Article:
British Airways’ New A380 LAX-LHR Red Carpet Route

Marylin Monroe Checking For LAX-LHR Flight

Marilyn Monroe checking in for the LAX-LHR flight

On September 24, British Airways (BA) launched their inaugural A380 (the largest commercial jetliner today) service between Los Angeles and London Heathrow, and I was extremely fortunate to have been an invited guest on that flight—and even luckier to sit up front in one of their First class open suites. Below are some of the plane’s features and a photo gallery from the first flight, which began at and includes photos of LAX’s brand-spanking new Tom Bradley International Terminal, which reopened on September 18.

British Airways A380

British Airways A380

If you asked me what my favorite aircraft was, my answer has been Boeing’s 747-400 for the past 20 years. It’s just an incredible bird—but unfortunately, like everything, it has aged and is now outdated. Now my answer is the 777-300 and A380 (though I haven’t flown the new 747-800 yet). So when British Airways announced they were replacing some of their 747-400 planes with A380s I was excited.

A380 WorldTraveller Seat

A380 WorldTraveller Seat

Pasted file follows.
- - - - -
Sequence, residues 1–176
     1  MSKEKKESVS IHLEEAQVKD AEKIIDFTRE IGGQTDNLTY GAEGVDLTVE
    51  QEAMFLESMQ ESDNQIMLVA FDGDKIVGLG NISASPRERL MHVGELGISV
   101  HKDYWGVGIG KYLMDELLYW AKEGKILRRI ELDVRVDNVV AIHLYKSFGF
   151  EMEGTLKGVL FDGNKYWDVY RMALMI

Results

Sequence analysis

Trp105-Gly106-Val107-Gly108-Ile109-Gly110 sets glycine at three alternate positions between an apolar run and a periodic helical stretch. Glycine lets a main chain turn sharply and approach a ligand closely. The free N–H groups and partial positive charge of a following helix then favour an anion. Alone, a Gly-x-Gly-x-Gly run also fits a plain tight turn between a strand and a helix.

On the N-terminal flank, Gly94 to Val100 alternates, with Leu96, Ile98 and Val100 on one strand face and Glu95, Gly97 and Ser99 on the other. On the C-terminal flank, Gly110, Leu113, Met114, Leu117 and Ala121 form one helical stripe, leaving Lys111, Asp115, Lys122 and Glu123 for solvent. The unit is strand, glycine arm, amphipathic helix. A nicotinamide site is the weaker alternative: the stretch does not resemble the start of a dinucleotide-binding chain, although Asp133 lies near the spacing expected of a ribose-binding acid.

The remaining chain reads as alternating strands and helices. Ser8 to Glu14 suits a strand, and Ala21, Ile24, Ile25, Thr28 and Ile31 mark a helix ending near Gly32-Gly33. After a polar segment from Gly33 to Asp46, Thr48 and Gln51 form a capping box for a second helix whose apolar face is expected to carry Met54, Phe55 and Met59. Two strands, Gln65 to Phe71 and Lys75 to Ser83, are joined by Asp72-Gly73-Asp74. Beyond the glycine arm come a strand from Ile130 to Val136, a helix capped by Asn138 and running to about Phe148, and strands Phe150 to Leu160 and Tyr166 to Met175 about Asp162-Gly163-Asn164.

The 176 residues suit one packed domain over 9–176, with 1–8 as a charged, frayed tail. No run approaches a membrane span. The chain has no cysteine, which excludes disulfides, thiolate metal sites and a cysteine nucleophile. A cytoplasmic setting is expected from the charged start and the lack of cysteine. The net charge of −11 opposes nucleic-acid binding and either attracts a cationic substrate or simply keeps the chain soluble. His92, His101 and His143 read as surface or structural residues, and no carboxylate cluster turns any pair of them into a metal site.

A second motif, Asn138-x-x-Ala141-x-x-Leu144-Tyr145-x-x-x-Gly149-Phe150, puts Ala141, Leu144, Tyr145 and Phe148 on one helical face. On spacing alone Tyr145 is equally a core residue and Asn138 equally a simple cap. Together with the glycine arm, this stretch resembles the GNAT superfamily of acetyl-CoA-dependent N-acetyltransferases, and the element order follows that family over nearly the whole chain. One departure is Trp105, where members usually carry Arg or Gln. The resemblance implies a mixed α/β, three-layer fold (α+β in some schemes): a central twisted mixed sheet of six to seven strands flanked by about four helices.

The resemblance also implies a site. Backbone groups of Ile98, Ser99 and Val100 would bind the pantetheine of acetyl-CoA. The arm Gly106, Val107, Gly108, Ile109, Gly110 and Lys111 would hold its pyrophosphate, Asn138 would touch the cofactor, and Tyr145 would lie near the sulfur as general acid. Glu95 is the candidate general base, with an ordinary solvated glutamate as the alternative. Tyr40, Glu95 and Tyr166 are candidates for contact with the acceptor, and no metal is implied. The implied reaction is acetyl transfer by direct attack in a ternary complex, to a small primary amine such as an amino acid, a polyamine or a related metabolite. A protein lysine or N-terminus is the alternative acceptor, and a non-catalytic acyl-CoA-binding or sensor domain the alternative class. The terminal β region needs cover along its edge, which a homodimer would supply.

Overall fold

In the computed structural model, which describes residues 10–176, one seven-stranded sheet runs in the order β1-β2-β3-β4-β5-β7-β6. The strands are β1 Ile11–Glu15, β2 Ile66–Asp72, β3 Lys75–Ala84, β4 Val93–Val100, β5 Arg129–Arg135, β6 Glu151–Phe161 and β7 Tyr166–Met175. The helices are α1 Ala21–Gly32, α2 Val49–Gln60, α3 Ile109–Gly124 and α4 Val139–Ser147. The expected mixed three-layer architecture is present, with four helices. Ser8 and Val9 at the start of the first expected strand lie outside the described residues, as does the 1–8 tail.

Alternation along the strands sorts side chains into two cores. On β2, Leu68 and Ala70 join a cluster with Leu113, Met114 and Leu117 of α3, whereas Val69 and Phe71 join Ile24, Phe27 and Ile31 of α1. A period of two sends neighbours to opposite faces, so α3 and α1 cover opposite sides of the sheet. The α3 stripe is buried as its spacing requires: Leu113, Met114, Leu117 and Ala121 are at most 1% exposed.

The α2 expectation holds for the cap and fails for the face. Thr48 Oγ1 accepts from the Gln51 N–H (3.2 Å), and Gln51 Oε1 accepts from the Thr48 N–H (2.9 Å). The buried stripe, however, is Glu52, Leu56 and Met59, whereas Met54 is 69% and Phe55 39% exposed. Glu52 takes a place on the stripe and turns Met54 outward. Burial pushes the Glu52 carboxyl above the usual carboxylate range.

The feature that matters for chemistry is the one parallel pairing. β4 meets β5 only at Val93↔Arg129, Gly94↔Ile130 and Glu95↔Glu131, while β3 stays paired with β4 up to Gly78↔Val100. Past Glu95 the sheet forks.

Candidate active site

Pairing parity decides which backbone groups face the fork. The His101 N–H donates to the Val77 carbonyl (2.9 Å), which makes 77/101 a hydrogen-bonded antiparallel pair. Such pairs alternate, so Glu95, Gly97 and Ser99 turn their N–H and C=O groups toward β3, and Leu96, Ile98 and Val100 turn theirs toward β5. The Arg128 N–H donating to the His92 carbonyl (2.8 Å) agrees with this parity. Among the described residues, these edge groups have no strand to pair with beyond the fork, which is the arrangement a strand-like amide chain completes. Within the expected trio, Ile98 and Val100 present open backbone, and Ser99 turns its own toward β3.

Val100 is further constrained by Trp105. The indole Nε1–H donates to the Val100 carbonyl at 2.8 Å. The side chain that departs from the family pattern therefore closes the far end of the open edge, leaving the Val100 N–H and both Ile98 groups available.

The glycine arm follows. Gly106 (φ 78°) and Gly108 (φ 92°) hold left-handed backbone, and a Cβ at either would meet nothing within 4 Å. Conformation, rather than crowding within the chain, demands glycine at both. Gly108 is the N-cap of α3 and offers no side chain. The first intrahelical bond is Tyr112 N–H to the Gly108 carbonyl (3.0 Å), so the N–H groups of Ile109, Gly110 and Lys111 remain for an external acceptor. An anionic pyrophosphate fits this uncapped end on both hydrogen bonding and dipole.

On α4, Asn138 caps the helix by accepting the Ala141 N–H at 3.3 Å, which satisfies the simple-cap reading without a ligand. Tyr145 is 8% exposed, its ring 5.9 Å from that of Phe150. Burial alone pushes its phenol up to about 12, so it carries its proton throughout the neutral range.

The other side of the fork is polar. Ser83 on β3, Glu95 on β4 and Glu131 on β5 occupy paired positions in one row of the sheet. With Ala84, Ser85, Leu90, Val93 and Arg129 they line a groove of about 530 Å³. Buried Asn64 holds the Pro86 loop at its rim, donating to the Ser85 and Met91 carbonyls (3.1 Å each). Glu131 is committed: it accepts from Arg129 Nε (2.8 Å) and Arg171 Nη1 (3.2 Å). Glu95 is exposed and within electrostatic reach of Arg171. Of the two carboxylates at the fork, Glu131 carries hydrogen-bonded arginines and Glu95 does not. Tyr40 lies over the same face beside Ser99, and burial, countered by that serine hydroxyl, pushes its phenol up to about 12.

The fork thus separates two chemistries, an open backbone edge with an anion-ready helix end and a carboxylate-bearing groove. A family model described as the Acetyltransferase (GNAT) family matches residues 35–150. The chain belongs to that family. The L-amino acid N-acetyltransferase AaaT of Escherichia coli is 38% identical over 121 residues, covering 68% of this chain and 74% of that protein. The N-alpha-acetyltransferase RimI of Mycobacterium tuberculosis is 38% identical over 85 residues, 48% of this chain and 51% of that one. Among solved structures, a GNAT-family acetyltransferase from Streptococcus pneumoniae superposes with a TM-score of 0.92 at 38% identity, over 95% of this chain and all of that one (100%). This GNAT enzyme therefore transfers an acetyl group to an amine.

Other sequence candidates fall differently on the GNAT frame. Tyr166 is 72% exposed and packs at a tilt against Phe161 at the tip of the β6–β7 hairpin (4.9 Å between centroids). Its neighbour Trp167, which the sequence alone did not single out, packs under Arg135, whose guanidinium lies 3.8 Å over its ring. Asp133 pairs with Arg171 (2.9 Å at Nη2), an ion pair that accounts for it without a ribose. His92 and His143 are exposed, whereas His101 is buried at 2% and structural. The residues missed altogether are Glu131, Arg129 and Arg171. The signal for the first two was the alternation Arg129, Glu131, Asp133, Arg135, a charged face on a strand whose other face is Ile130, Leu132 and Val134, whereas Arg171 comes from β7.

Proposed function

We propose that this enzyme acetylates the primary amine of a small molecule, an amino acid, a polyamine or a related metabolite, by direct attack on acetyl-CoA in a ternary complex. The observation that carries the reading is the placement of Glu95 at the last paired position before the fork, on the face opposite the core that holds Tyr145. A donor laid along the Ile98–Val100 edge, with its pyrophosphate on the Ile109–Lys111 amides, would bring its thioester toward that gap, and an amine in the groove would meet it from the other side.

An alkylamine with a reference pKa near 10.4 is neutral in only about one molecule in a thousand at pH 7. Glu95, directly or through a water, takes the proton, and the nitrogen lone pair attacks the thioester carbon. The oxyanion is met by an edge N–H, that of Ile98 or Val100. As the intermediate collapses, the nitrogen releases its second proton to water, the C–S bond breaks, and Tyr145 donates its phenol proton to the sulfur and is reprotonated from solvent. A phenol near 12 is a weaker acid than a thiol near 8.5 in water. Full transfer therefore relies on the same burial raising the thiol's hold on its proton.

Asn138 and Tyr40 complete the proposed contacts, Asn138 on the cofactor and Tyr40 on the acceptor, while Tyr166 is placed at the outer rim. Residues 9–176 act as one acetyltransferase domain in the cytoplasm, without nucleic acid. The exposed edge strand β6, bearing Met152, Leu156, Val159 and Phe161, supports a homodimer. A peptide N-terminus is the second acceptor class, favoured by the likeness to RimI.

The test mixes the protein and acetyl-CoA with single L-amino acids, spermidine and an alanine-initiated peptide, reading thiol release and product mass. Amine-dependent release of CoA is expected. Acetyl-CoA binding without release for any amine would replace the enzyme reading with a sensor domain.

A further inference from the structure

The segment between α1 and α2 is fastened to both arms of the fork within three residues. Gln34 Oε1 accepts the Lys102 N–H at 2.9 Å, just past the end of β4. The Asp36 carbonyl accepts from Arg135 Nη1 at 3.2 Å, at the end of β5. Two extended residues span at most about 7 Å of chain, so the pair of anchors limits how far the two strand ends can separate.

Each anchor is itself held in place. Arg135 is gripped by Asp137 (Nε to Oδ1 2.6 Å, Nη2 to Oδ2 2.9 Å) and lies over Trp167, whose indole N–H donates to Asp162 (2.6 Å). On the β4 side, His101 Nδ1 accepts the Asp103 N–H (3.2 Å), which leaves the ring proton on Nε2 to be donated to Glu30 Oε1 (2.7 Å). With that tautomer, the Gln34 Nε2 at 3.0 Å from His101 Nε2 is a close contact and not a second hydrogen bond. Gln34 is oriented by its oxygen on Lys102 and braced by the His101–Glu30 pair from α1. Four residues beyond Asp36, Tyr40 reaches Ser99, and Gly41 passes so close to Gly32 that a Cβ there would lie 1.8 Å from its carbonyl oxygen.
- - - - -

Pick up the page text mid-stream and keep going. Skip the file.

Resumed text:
British Airways has twelve Airbus A380s on order and the first two have already been delivered—and are currently flying what British Airways is billing “The Red Carpet Route – LAX-LHR.”  The next planes will be operating between London and Hong Kong starting October 22, 2013, and between London and Johannesburg starting February 12, 2014. BA has configured their A380s with four classes of service: First, Club World (Business), World Traveler Plus (Premium Economy), and World Traveler (Economy). Below are the seating details as I found them on SeatGuru.com.                                           Pitch     Width      Seating details    First                                   78           21           14 open suites Club World                      73           25           97  flat bed seats World Traveller Plus   38           18.5       55 standard seats World Traveller             31           17.5       303 standard seats British Airways’ A380 can carry 469 passengers and 23 crew members. First class is at the front of the main deck and has 14 open suites. There are 44 Club World (Business class) seats on the main deck with a 2-4-2 seating configuration and there are also 53 seats on the upper deck with a 2-3-2 seating configuration. The 303 World Traveller (Economy class) are split between both the main and upper decks. However, the 55 Premium Economy seats (World Traveller Plus) are on the upper deck. Every seat comes equipped with on-demand audio and video systems that have enough programming to keep anyone busy for the ten-hour flight (our flight was only 9:29 thanks to strong tailwinds.) British Airways has three flights a day between Los Angeles and London, but only one of them is on the A380, five days a week. But the schedule rotates, since so make sure you check the aircraft before booking a flight! I was on BA268, which departs LAX at 9:30pm (21:30) and arrives LHR the next day at 15:45 (3:45pm)